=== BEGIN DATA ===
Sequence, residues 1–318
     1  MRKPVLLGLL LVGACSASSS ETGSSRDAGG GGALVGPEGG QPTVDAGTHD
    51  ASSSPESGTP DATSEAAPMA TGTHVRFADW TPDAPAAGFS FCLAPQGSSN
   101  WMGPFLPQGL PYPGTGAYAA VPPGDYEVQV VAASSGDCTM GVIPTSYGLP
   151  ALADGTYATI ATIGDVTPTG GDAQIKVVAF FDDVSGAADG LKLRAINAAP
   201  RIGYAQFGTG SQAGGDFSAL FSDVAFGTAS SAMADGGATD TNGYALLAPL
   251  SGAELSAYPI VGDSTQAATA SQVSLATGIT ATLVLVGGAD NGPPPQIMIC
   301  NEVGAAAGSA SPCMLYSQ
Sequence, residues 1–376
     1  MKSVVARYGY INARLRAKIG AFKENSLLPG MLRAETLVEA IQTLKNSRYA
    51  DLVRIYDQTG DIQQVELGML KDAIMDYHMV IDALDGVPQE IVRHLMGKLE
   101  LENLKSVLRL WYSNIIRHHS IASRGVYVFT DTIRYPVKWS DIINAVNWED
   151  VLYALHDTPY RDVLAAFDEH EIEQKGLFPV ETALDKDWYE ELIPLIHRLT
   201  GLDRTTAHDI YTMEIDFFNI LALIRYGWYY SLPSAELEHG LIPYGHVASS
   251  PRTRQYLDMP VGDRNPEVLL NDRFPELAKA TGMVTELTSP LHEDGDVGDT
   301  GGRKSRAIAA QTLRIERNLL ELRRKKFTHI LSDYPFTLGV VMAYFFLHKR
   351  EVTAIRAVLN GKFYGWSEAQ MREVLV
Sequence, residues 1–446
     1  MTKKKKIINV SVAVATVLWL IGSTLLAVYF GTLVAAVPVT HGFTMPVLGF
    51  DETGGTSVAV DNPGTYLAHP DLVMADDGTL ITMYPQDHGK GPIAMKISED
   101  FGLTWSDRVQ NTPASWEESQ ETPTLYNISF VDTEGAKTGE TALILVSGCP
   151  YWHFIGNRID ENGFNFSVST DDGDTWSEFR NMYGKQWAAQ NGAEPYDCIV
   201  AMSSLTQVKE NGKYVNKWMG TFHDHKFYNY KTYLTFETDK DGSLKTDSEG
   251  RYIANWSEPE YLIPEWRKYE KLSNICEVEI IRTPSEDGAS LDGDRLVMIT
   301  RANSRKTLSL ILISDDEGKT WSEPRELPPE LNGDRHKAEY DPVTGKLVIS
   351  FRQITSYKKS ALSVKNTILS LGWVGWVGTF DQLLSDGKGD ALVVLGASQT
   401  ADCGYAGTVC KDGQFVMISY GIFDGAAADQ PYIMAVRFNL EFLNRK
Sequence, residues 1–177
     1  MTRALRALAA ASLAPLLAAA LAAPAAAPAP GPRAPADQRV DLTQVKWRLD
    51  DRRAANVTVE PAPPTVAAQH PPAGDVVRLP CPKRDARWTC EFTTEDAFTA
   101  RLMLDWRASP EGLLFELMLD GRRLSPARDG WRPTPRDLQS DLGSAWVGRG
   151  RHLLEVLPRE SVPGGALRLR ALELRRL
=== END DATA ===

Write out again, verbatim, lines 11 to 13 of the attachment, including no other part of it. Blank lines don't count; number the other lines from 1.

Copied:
    51  DLVRIYDQTG DIQQVELGML KDAIMDYHMV IDALDGVPQE IVRHLMGKLE
   101  LENLKSVLRL WYSNIIRHHS IASRGVYVFT DTIRYPVKWS DIINAVNWED
   151  VLYALHDTPY RDVLAAFDEH EIEQKGLFPV ETALDKDWYE ELIPLIHRLT